Mr. Polke

I cannot believe that I have heard of Sigmar Polke’s death only ten days after it happened. It might be strange to start properly a blog on painting with an obituary, but considering the strong influence Polke has left on me, and I assume on a whole generation of painters, I couldn’t left it unnoticed

Along with other German painters like Gerhard Richter, Anselm Kiefer, Georg Baselitz and Jörg Immendorff which all have had a strong impact on my practice, Polke prompt the resurgence of painting in the art world in the 1980s to become in the last 20 years one of the most celebrated painter, both influential and inimitable.

Polke was born in Eastern Germany, escaped to the west at the age of twelve by pretending to be asleep in a train and spend the rest of his life in the vicinities of Düsseldorf/Cologne where he first settled. At that time, in the 1960s,  Düsseldorf provided the perfect environment for young aspiring artists:  commercial galleries were blossoming, first solo shows of Rauschenberg and Cy Twombly were held and key figures of the Fluxus movement gathered there (Nam June and George Maciunas started there in 1962).

In 1961, Polke enrolled at the Düsseldorf Art Academy which was at its most experimental phase, with Joseph Beuys as a teacher and Gerhard Richter as a fellow student. Together with Konrad Lueg, they founded in 1963 a painting movement called “Capitalism Realism”, a pun on Social realism and Pop Art that they both rejected, preferring to it anarchic snipping. Their first show took place in a shopfront. Later on, Konrad Lueg became Konrad Fischer, famous art dealer who gave Polke two exhibitions.

Unlike Pop artists like Warhol or Lichtenstein, Polke chose to paint the mechanical process  reproducing the way in which image appear together with its accidental variations.  Rather that conveying Pop’s coldness, his work is sensual, self-conscious and eloquently intelligent. Despite some of his work’s simplistic and banal appearance, he is actually preoccupied by establishing the distance of critical reflexivity by giving a great deal of attention to details. We are in deed very far from American hedonism, consumerism and somewhat naivety.

Polke’s work developed anarchic elements through his whimsical unpredictable approach. He became known for his irreverence for traditional painting techniques and material which made him a visual revolutionary. Polke combined household materials and paint, lacquers, pigment, screen print and transparent sheeting in one piece.  Before transferring to the Art Academy, Polke completed a glass-painting apprenticeship which constituted a lifelong interest for transparency. Many of his paintings are made of thin layers which implicitly reveal complicated narratives, giving the effect of witnessing the projection of a hallucination or dream through a series of veils.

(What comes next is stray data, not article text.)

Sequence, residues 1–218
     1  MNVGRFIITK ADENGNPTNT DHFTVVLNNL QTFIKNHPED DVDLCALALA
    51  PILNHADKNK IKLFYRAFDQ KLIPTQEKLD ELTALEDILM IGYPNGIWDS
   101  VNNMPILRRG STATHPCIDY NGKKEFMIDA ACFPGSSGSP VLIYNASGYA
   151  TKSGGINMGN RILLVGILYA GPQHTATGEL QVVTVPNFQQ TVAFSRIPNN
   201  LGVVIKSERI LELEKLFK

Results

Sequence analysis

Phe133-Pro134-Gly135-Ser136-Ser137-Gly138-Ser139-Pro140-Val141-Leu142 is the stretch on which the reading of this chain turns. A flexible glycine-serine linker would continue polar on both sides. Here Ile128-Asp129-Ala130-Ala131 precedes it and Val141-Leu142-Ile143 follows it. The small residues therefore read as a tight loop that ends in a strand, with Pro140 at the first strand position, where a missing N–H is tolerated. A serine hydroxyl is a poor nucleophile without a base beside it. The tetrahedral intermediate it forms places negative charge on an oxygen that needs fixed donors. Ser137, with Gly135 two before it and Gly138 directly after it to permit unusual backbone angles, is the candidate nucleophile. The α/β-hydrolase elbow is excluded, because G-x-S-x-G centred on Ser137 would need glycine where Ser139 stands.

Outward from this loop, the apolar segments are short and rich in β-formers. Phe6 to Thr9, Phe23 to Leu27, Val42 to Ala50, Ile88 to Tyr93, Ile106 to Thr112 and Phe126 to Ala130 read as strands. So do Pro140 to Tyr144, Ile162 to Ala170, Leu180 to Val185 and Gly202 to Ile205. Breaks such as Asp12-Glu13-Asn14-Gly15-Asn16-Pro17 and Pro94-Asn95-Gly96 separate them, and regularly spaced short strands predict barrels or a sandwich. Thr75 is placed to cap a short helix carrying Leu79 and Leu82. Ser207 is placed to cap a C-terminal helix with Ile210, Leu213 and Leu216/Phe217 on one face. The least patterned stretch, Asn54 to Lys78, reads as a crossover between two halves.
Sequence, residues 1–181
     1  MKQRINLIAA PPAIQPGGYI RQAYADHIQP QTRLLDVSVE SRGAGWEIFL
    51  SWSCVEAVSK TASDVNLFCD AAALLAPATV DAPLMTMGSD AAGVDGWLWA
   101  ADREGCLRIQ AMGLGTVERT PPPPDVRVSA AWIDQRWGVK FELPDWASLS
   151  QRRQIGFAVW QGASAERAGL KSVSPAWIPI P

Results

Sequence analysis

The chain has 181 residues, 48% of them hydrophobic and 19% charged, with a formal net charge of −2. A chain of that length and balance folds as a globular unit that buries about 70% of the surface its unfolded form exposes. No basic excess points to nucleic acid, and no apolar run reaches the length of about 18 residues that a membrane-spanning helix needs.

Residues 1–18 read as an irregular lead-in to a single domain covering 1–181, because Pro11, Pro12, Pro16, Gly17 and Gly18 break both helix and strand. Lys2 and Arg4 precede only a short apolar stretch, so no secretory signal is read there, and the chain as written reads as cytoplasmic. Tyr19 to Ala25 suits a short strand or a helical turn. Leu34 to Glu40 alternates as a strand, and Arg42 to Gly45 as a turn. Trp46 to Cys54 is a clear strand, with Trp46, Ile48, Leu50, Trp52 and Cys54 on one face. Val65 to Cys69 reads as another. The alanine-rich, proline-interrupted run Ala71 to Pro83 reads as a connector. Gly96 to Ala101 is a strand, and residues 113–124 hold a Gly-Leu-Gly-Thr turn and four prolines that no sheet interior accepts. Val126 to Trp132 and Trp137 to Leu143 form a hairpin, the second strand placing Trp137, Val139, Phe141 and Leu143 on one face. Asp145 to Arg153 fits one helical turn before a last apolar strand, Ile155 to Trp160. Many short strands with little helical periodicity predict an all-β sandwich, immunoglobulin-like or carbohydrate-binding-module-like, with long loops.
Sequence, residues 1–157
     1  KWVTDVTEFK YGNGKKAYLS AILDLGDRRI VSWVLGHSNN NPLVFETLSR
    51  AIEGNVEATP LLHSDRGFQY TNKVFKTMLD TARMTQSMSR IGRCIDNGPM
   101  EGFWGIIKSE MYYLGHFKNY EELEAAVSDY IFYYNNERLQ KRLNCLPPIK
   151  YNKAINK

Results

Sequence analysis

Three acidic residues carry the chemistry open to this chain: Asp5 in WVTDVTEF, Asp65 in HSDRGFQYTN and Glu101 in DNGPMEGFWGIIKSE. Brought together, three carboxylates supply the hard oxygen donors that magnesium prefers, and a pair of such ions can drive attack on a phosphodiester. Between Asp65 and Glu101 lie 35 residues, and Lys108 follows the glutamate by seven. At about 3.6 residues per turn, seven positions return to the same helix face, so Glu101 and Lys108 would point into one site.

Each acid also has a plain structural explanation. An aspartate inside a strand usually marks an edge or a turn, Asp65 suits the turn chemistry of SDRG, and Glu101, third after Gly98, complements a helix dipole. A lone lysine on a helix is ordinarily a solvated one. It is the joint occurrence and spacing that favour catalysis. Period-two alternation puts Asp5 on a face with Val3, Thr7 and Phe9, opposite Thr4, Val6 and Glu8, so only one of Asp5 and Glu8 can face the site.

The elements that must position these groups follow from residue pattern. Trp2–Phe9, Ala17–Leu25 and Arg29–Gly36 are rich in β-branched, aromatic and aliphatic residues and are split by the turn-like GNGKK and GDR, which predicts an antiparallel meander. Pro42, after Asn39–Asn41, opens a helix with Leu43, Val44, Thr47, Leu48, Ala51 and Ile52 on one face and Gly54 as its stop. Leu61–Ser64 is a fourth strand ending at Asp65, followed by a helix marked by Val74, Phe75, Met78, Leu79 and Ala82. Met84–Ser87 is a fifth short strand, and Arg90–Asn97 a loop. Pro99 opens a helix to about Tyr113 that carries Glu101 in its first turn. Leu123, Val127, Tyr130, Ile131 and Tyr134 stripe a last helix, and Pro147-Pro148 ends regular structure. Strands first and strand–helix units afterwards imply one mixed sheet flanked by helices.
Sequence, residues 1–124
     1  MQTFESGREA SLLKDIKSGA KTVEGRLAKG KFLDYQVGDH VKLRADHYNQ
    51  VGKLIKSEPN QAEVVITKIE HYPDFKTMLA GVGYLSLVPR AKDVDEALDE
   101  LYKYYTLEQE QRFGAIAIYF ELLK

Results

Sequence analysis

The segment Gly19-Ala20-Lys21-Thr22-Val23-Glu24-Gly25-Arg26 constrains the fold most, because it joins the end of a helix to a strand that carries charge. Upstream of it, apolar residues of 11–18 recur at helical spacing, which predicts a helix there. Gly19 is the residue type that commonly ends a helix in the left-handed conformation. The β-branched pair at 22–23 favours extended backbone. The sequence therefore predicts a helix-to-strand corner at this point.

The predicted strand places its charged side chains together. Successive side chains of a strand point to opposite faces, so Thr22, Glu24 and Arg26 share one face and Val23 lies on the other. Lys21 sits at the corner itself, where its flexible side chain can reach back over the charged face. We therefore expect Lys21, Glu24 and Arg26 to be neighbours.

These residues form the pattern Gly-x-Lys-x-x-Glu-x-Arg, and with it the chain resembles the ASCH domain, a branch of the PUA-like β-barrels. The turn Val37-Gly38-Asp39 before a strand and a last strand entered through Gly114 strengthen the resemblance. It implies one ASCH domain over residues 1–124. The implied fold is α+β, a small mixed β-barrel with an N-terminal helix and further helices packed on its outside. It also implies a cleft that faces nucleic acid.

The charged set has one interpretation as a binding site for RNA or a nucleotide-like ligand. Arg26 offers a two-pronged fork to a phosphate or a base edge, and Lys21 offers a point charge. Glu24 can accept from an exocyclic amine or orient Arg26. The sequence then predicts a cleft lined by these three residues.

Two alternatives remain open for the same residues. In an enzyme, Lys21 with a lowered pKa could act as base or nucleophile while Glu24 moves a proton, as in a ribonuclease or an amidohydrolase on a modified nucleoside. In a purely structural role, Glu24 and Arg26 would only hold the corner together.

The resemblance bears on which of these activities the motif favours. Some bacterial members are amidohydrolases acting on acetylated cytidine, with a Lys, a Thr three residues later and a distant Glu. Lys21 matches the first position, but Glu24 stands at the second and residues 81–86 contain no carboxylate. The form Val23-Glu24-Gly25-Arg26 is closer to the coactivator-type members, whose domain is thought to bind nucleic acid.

Already in the 1960s, Polke is very much aware that painting is about selecting codes, which for a lot of them are already beginning to decline (Warhol, Pop art, Abstract Expressionism, Noland’s stripes, etc).  Aware of the development of contemporary art, his work starts off as a “metacommentary” thereon. But where Polke has been enormously influential is in defining an image of how consciousness organises and filters the constant bombardment of images that characterise our experience of the contemporary world, rather than simply illustrating a state of mind.

Polke was known from the journalists for having unpredictable temperamental nature, rarey giving interviews and showing up at meeting. Despite his success in the 1980s-1990s, Polke remained in the margins, leading a comparatively modest life. He was working without an assistant, in a warehouse in Cologne, surrounded by books and his paintings.

As Adrian Searle says better than me in Polke’s obituary in the guardian (16 June 2010): “His art may have begun as a European response to American pop art, but it went on to be much more. He both dismantled painting and reconfigured our idea of what it could be. He respected history and played the devil with it. Unpacking his art is going to take a long time.”

For more:
K. Power, “Polke”, Frieze magazine, Issue 4, April-May 1992
Jörg Heiser, “Cosmic Rays”, Frieze magazine, Issue 110, October 2007

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